When buying a home, it’s important to think carefully about your offering price—but also your offering terms. Most purchase offers define both. And in some cases, terms and conditions can represent thousands of dollars in additional value for buyers—or additional costs.
Terms may include inspections, requests for specific property repairs, or timing considerations, such as a conditional purchase clause (if, for example, you must first find a buyer for your current home).
Determining a price
Some buyers mistakenly believe there is a predetermined formula for offers—that offering prices should be X percent lower than the seller’s asking price or the amount they are really willing to pay.
In practice, your offer price actually depends more upon the basic laws of supply and demand. If many buyers are competing for homes, then sellers will likely get full-price offers and sometimes even more. If demand is weak, then offers below the asking price may be in order.
How to make an offer
The process varies by state. In most cases, you complete an offer that your representative presents on your behalf. The owner, in turn, may accept the offer, reject it, or make a counteroffer.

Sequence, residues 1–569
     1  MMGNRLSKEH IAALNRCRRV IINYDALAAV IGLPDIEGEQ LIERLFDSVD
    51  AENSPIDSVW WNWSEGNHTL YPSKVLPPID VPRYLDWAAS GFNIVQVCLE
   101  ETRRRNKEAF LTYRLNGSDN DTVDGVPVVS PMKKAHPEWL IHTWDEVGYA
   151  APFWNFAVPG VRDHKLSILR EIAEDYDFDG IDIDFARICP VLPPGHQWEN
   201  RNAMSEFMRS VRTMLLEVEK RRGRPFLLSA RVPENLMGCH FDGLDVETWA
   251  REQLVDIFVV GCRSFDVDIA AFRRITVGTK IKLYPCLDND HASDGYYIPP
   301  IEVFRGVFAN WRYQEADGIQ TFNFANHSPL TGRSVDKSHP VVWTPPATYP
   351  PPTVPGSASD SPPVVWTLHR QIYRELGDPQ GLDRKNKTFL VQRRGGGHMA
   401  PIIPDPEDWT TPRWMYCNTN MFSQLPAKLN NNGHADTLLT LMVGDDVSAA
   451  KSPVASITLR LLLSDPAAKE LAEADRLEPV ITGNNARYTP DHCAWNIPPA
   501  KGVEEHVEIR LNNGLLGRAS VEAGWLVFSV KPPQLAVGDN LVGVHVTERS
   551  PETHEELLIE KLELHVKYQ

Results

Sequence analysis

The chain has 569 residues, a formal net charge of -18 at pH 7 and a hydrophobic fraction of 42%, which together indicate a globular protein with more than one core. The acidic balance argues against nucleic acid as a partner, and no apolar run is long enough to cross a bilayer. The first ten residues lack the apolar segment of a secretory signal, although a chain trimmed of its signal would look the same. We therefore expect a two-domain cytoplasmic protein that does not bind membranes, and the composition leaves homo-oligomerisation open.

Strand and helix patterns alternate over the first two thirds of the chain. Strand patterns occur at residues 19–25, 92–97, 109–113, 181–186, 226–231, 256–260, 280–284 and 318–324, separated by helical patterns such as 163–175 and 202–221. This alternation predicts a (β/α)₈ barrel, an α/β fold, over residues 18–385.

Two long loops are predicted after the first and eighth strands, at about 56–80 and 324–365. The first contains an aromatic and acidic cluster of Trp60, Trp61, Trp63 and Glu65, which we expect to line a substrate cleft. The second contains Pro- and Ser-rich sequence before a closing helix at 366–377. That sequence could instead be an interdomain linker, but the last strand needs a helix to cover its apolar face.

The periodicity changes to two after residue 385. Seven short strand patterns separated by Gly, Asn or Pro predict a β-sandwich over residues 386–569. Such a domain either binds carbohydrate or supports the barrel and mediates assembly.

Because counteroffers are common (any change in terms can be considered a “counteroffer”), it’s important that you remain in close contact with your representative during the negotiation process so that any proposed changes can be quickly reviewed.
Inspections are common in residential realty transactions. Depending on your needs and where you live, they may include:
- mold inspections
- “green” issues, including energy efficiency and eco-friendliness
- surveys to determine boundaries
- appraisals to determine value for lenders
- title reviews
- structural inspections
Structural inspections are particularly important. During these examinations, an inspector evaluates the property for any material physical defects and whether expensive repairs and replacements are likely to be required in the next few years.
For a single-family home, these inspections often require two or three hours. You should plan to attend too. This is an important opportunity to examine the property’s mechanics (plumbing, wiring, etc.) and structure, ask the inspector questions, and learn far more about the property than is possible with an informal walk-through.